Financial products refer to instruments that help you save, invest, get insurance or get a mortgage. These are issued by various banks, financial institutions, stock brokerages, insurance providers, credit card agencies and government sponsored entities. Financial products are categorised in terms of their type or underlying asset class, volatility, risk and return.
Types of financial products
Shares: These represent ownership of a company. While shares are initially issued by corporations to finance their business needs, they are subsequently bought and sold by individuals in the share market. They are associated with high risk and high returns. Returns on shares can be in the form of dividend payouts by the company or profits on the sale of shares in the stockmarket. Shares, stocks, equities and securities are words that are generally used interchangeably.
Bonds: These are issued by companies to finance their business operations and by governments to fund budget expenses like infrastructure and social programs. Bonds have a fixed interest rate, making the risk associated with them lower than that with shares. The principal or face value of bonds is recovered at the time of maturity.
Treasury Bills: These are instruments issued by the government for financing its short term needs. They are issued at a discount to the face value. The profit earned by the investor is the difference between the face or maturity value and the price at which the Treasury Bill was issued.
Options: Options are rights to buy and sell shares. An option holder does not actually purchase shares. Instead, he purchases the rights on the shares.
Mutual Funds: These are professionally managed financial instruments that involve the diversification of investment into a number of financial products, such as shares, bonds and government securities. This helps to reduce an investor’s risk exposure, while increasing the profit potential.
Certificate of Deposit: Certificates of deposit (or CDs) are issued by banks, thrift institutions and credit unions.They usually have a fixed term and fixed interest rate.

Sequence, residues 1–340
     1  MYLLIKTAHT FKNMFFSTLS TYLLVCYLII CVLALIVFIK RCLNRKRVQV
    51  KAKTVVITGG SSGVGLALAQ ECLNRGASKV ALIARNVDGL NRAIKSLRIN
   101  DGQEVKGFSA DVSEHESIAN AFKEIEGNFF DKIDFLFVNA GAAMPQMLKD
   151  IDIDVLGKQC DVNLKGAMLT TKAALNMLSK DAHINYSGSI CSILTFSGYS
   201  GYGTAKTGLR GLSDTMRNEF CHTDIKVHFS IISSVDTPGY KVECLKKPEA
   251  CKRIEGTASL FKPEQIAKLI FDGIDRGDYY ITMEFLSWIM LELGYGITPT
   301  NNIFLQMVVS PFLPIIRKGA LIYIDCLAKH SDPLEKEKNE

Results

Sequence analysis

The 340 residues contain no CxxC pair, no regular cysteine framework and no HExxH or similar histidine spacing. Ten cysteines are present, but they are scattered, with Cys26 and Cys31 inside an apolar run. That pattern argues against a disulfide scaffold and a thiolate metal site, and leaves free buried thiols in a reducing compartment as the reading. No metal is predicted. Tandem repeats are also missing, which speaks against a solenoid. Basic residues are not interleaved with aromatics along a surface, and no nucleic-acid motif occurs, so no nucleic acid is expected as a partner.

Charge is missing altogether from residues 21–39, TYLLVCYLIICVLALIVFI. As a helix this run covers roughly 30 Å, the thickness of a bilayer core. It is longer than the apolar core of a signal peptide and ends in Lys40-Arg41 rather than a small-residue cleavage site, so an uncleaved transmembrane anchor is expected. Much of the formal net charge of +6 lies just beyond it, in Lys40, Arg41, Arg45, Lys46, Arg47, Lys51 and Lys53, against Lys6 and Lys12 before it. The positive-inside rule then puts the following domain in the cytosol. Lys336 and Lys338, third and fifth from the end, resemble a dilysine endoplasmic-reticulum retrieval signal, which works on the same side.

Annuities: These are contracts between individual investors and insurance companies, where investors agree to pay an allocated amount of premium and at the end of a pre-determined fixed term, the insurer will guarantee a series of payments to the insured party.
Complex Financial Products
There are certain financial products that are highly complex in nature. Among these are:
For many investors, today marks the end of the year, but it is ending on a favorable note. The combination of the FOMC meeting and the SNB adoption of negative interest rates underscored the dollar and equity bullish divergence theme.
It struck us that too many people were doing all kinds of mental and verbal gymnastics to account for what was a technical move. The correction, which came after a strong six-week trend move, lasted a week, December 9-16. The S&P 500 and the Dow Jones Stoxx 600 have both recouped around 70% of that downdraft.
Nouriel Roubini, a.k.a. “Doctor Doom”, is chairman of Roubini Global Economics and professor of economics at New York University’s Stern School of Business. Roubini has been consistently cited as one of the world’s top global thinkers. This year, he was voted as the most influential economist in the world by Forbes magazine.
Professor of Economics & Director of the Earth Institute at Columbia University. Special Adviser to the UN Secretary-General on the Millennium Development Goals. Founder & co-President of the Millennium Promise Alliance.
QFINANCE is a unique collaboration of more than 300 of the world’s leading practitioners and visionaries in finance and financial management, covering key aspects of finance including risk and cash-flow management, operations, macro issues, regulation, auditing, and raising capital.
Vice President and Director of the Global Economy and Development Program at the Brookings Institution. Former Turkish Minister of State for Economic Affairs. Head of the United Nations Development Program (UNDP) from 2005-2009.